One by one, the others are led to the fortune-teller, and see atrocities that they may be a part of in the future or maybe have already! Watch to find out the gruesome fate of these seemingly ordinary people, and the secrets they bear!

 

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OK, here are my thoughts:

The film is one that houses an idea that’s been put on the screen and in books before, there’s no denying that, but when these actors and actresses put their personal spin on the characters, that’s when the magic happens. I honestly think this is the best performance I’ve ever seen by Burgess Meredith. Now, before anybody goes ballistic on me, I haven’t seen many of his films outside of Clash of the Titans, and the Rocky franchise. All good performances, no doubt, but by the end of this film, you’ll believe he’s the devil himself! Now, to the others. Jack Palance and Peter Cushing share the final “future sequence” together, and it’s one for the ages. Not only do they do the film justice, but the scene also is about Edgar Allen Poe and his fantastic works!

Each of the dream sequences are different but the same. Not in a monotonous way really, but nothing really sets them apart so that you can single one out over the others in terms of better or worse. All of them have a charm to them in one way or another, but obviously I’m partial to the Cushing scene! The ladies in this film are absolutely gorgeous (Beverly Adams- image below, Barbara Ewing- even though she has a terrible hairdo or wig, and Nicole Shelby in her skivvies), and this era of woman is not only beautiful, but very commanding as well.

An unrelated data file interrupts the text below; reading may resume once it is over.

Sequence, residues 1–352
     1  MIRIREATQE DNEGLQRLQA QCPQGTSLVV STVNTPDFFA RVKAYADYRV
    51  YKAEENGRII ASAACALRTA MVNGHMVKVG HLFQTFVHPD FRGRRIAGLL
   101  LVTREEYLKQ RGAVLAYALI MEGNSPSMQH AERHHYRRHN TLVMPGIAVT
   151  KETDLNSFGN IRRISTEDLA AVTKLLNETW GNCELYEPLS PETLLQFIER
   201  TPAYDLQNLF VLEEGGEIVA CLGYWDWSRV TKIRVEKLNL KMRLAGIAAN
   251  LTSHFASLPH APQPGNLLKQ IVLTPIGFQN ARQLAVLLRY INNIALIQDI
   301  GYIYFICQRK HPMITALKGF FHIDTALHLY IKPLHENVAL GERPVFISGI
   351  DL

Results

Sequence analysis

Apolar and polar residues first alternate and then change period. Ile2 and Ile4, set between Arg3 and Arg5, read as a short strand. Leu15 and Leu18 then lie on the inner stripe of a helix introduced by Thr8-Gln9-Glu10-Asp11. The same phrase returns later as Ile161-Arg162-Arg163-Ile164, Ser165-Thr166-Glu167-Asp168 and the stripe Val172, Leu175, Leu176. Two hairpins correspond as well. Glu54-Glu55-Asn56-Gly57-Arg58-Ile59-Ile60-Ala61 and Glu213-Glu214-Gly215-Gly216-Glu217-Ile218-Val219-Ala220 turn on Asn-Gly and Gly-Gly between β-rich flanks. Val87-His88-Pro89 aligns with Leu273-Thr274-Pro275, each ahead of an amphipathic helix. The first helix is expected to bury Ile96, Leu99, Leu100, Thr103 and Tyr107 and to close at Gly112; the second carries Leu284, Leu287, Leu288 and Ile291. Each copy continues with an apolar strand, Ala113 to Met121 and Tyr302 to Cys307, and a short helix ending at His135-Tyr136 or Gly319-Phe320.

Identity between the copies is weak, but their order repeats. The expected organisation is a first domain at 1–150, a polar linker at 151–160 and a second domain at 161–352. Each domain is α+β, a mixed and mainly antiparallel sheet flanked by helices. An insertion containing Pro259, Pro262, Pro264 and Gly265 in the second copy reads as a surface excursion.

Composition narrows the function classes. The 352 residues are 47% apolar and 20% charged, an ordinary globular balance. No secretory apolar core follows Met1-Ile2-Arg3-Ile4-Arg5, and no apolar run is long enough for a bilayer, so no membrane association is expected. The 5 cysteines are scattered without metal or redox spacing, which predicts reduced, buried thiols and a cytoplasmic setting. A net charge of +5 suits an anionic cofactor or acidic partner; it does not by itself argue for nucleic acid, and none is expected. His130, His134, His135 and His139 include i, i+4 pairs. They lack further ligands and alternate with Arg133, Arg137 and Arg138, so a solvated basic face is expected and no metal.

The music score was by two veterans of the industry, in James Bernard and Don Banks. These two gentlemen were stalwarts in the biz back then and really know how to get the music to match the scene. The writer, Robert Bloch, is another man who really shouldn’t need any introduction, but if you’re not familiar with his work, definitely Google him (you should at least know him as the man who wrote the story Hitchcock used for Psycho in 1960).

Definitely give this one a viewing, you’ll not be disappointed, I guarantee it! It’s one of those hidden gems of the era that you never hear about outside of circles that are hardcore fans of the genre.

 

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Click here for the trailer!

 

Cinema Sunday: The Pirates of Blood River (1962)

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Title: The Pirates of Blood River

Distributor: Columbia Pictures/Hammer Studios

Writer: Jimmy Sangster